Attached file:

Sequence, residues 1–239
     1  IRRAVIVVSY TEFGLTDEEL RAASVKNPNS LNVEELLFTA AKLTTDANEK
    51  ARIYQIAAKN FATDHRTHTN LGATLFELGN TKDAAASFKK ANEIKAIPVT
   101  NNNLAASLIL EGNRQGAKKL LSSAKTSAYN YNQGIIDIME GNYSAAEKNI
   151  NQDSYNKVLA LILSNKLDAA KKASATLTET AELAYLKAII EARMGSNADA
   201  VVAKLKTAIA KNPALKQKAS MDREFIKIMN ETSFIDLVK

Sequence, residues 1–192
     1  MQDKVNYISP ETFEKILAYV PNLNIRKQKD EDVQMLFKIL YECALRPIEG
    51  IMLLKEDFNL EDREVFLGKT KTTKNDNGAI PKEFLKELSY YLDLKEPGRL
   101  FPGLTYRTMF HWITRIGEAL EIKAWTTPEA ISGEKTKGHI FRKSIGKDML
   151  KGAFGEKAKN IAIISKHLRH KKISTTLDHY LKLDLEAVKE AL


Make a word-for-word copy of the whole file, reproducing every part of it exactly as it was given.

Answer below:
Sequence, residues 1–239
     1  IRRAVIVVSY TEFGLTDEEL RAASVKNPNS LNVEELLFTA AKLTTDANEK
    51  ARIYQIAAKN FATDHRTHTN LGATLFELGN TKDAAASFKK ANEIKAIPVT
   101  NNNLAASLIL EGNRQGAKKL LSSAKTSAYN YNQGIIDIME GNYSAAEKNI
   151  NQDSYNKVLA LILSNKLDAA KKASATLTET AELAYLKAII EARMGSNADA
   201  VVAKLKTAIA KNPALKQKAS MDREFIKIMN ETSFIDLVK

Sequence, residues 1–192
     1  MQDKVNYISP ETFEKILAYV PNLNIRKQKD EDVQMLFKIL YECALRPIEG
    51  IMLLKEDFNL EDREVFLGKT KTTKNDNGAI PKEFLKELSY YLDLKEPGRL
   101  FPGLTYRTMF HWITRIGEAL EIKAWTTPEA ISGEKTKGHI FRKSIGKDML
   151  KGAFGEKAKN IAIISKHLRH KKISTTLDHY LKLDLEAVKE AL